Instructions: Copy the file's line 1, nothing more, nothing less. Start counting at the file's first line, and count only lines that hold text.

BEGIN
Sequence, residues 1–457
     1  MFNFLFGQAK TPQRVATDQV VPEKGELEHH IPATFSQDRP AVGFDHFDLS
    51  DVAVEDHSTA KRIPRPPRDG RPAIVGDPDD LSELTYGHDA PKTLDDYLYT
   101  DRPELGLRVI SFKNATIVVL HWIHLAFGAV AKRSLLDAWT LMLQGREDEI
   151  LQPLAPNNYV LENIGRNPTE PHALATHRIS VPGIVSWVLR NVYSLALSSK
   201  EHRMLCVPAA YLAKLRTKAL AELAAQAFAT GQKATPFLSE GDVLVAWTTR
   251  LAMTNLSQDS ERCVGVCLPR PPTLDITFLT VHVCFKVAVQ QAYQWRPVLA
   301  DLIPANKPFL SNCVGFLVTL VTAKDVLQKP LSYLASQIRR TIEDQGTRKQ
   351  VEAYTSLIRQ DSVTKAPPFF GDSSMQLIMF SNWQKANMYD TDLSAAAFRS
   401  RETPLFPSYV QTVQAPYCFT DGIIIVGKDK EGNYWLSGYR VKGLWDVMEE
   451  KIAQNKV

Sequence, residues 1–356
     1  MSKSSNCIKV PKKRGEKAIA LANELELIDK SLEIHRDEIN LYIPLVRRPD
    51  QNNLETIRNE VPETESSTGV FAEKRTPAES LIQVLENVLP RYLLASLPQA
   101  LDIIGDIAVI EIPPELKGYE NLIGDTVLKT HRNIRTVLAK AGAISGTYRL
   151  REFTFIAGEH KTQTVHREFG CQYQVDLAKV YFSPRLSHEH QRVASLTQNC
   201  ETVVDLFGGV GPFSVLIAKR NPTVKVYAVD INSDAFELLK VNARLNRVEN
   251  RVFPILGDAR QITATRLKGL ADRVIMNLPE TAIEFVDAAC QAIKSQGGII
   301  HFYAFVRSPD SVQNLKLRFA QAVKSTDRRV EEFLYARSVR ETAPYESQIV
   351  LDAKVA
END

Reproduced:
Sequence, residues 1–457